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Hi friends I want to if becterial infection spreads from one Loft to another.
I have a Three lofts,in my first loft I keep all my old birds who are ok in my second loft I keep my Birds who have passed quarantine time i.e 45 Days and the third loft I keep All the new birds who I get.First I feed the pigeons of first and second Loft, then I feed the pigeons of third loft plz advise do need to change my clothes every time I feed the birds in third Loft.and is thier any chance of Becteria entering my first and second loft if I use the same clothes for All lofts ....Plz share ur Knowledge馃憤
 

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i want to keep pigeons but i cant
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it always depends on the breed of pigeons, their age, where you live, which disease, what other birds are interacting with your pigeons, etc.

and yes, you should change your clothes after feeding the new birds, and after feeding the first and second loft pigeons
and thoroughly scrub them to kill the bacteria
 

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TL,DR (too long, didnt read): Furazolidone is effective. Also chloramphenicol, colistin and apromycin are effective.

Diarrhea in poultry is one of the commonly noticed sickness or disease in any poultry farm globally. They are also common to backyard birds rearing in rural areas in India..
This problem is very common & pose a little challenge to the farmer or poultry keeper.Daily we get calls from poultry farmers regarding white diarrhea in their birds.This problem becomes havoc in winter season.Most of the mortality among backyard poultry takes place due to this problem.In biological term it is nothing but Pullorum Disease or Bacillary White Diarrhea,It is also also called Salmonellosis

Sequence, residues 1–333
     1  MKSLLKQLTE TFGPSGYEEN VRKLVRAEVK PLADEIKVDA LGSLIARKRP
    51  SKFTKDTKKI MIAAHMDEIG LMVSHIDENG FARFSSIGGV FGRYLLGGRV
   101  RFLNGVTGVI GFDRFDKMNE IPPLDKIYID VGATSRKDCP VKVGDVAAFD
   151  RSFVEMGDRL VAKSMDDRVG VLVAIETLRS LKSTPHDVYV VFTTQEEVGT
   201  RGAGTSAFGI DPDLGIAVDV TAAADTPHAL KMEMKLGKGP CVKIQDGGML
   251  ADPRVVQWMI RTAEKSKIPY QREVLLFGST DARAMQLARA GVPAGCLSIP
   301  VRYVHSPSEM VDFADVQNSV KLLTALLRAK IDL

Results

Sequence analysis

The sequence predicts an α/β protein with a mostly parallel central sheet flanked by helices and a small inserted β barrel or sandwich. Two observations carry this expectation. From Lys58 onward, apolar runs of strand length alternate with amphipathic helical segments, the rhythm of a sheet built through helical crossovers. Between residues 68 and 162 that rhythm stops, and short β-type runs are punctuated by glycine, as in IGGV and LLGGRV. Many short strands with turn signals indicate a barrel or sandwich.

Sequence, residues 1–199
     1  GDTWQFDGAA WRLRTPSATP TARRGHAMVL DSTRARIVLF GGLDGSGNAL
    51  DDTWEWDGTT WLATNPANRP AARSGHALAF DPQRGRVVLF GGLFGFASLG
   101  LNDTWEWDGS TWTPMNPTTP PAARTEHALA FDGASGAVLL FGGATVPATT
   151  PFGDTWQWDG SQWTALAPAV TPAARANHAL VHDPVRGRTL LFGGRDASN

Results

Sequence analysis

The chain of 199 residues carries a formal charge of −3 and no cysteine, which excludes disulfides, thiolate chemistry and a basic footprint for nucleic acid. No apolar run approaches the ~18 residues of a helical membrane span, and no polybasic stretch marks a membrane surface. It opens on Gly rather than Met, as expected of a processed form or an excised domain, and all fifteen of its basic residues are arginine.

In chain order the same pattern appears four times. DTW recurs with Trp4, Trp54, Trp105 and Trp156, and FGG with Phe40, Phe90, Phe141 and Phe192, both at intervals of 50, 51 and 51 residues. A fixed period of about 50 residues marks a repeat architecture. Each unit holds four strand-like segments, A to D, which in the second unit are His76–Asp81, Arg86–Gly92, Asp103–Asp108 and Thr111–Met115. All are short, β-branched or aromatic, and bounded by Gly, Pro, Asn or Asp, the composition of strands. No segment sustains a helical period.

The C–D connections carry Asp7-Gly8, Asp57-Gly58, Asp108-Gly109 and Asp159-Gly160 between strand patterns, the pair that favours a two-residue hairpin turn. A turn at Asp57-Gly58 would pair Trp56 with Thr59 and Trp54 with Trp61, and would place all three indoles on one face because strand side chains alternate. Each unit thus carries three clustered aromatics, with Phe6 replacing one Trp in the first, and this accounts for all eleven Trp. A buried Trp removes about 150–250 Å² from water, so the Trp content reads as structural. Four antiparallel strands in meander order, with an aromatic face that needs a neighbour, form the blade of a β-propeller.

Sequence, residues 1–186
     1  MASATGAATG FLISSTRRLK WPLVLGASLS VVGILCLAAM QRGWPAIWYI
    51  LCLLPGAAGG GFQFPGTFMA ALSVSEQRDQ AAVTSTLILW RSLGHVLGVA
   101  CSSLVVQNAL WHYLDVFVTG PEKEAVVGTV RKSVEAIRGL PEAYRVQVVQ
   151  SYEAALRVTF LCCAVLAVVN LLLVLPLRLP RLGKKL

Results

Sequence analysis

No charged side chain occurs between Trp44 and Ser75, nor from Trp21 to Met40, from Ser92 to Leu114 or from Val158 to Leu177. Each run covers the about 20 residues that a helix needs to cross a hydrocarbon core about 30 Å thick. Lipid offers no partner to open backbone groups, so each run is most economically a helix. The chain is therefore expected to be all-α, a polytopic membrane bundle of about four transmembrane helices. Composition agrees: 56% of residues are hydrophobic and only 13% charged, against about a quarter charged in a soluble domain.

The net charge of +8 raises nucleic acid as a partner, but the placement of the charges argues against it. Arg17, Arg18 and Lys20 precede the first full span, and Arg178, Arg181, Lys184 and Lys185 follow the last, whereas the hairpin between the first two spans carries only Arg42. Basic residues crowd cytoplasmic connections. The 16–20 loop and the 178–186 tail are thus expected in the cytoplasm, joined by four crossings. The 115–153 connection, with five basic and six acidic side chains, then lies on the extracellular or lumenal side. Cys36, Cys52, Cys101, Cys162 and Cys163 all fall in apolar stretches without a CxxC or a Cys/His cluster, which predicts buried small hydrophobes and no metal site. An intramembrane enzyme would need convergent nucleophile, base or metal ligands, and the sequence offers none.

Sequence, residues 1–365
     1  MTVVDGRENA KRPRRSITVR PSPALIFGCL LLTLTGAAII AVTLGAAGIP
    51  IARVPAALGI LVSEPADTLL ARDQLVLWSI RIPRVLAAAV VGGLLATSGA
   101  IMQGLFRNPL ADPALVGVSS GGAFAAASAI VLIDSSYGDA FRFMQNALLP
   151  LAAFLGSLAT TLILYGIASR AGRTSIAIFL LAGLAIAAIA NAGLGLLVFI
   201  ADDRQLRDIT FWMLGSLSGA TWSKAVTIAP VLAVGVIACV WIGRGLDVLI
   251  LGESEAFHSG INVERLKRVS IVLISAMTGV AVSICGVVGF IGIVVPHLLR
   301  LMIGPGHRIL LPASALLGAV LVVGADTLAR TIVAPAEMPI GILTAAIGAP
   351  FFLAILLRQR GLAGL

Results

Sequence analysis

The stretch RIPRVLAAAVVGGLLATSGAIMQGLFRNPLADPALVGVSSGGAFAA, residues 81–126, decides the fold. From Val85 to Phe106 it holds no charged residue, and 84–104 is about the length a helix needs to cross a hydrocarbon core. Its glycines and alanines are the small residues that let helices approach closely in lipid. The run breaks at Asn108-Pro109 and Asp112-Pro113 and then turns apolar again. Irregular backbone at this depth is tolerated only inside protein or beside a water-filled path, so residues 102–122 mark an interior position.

Pullorum disease (PD), also referred to as bacillary white diarrhea, is an acute septicemic disease affecting primarily chickens and turkeys. It is caused by the Salmonella enterica subsp. enterica Gallinarum-Pullorum bacterium. It is one of several different diseases that are collectively referred to as Salmonellosis. PD rarely occurs in commercial poultry anymore, however it is quite common in backyard flocks.
鈥 Disease caused by one of the two poultry-adapted strains of Salmonella bacteria, Salmonella Pullorum, this usually only causes mortality in birds up to 3 weeks of age. Occasionally it can cause losses in adult birds, usually brown-shell egg layers. It affects chickens most commonly, but also infects turkeys, game birds, guinea fowls, sparrows, parrots, ring doves, ostriches and peafowl. It still occurs worldwide in non-commercial poultry but is now rare in most commercial systems.
Morbidity is 10-80%; mortality is increased in stressed or immunocompromised flocks and may be up to 100%. The route of infection is oral or via the navel/yolk. Transmission may be transovarian or horizontal mainly in young birds and may sometimes be associated with cannibalism. The bacterium is fairly resistant to normal climate, surviving months but is susceptible to normal disinfectants.

Classification

OIE, List B disease

Signs:

鈥 Inappetance.
鈥 Depression.
鈥 Ruffled feathers.
鈥 Closed eyes.
鈥 Loud chirping.
鈥 White diarrhoea.
鈥 Vent pasting.
鈥 Gasping.
鈥 Lameness.
鈥 Peracute infection with sudden death,
鈥 Acute infection in first few days:
o Weakness,
o Somnolence,
o Anorexia,
o Poor growth,
o Pasting of vent with chalky white excreta,
o Death.
鈥 In older birds:
o Lethargy,
o Huddling under brooders,
o Wing droop,
o Dyspnoea.
Growth retardation and poor feathering of survivors.

Post-mortem findings :

Gross lesions may be seen in chronic disease, but are usually absent in peracute disease. When present the following may be seen:
鈥 Enlargement and congestion of liver, spleen and kidneys,
鈥 Yolk sac retention, with yolk appearing creamy or caseous,.
鈥 Lung and heart may have white nodules, pericardium may be thickened, with yellow or fibrinous exudate,
鈥 Gastro-intestinal tract 鈥 may have white nodules on the gizzard, caeca, large intestinal wall.
鈥 Caseous cores may be seen in the caeca.